Yemen is one of the world's most ancient countries and played an important part in Middle Eastern trade, supplying the ancient world with such exotic items as frankincense, myrrh, spices, condiments and other luxury items. The southwestern coastal strait known as Bab El-Mandeb, which links the Indian Ocean with the Red Sea, was an important trade corridor for about 3,000 years.
Yemen is a strongly Arab country in both language and culture. There are many tribal and religious distinctions with regard to location. The people of the Tihamah coastal plain are of mixed Arab and African descent, while other groups are mainly of Arab origin. The Zaidi tribe are Shi'ite Muslims, who inhabit the northern mountain region and whose religious and political beliefs exerted a great influence on Northern Yemen from the 9th century onwards. Many Zaidis are embracing the Sunnite beliefs. Consequently, their number and effect in the social and political life have been reduced dramatically for the last 10 years.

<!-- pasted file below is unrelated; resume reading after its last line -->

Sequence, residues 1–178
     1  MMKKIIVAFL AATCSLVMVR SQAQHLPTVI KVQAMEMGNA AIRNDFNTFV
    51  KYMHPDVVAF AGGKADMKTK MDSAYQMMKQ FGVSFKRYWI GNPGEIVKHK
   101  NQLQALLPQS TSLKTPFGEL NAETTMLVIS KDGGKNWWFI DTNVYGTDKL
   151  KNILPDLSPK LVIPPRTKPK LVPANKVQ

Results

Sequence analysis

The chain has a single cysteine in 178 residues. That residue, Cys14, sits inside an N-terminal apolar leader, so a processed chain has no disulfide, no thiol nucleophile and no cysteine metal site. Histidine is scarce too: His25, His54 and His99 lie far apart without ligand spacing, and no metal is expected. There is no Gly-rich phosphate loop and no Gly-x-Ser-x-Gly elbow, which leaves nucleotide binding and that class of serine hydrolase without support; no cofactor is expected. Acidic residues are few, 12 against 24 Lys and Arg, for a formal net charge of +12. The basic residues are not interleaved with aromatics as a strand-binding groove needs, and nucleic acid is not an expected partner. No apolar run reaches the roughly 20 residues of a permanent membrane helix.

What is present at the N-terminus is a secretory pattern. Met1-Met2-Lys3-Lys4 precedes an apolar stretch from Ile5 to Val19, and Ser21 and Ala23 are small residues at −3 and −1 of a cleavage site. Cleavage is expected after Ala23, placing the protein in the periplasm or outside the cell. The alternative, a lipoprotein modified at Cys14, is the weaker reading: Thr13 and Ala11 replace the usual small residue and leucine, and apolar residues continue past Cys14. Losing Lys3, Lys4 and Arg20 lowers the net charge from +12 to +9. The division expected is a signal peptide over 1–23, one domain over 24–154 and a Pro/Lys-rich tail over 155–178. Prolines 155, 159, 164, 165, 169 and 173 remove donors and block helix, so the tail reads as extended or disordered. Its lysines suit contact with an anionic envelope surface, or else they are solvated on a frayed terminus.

The northern and southern lowland regions are dominated by the Shafii (one of the most four authentic Islamic school of thoughts (Hanbali, Shafii, Hanafi, and Maliki)) community of Sunnite Muslims, who are widely different in their culture and economic structure and have often been at variance with the Zaidi over social and political issues.
Yemen was closed to the outside world for hundreds of years, but now its doors are opened to deal commercially, educationally, and politically with other nations. The people of Yemen are very conservative and the Islamic law (Shariah) is still observed very strictly.
Much Yemeni business is conducted while chewing Qat, a leaf which is grown locally and much enjoyed by the Yemeni people as an aid to thought and decision-making. Westerners in business meetings are not expected to participate in the Qat-chewing ritual, unless they wish to do so.
For more details about Yemen please read the following articles:
| Tourism In Yemen |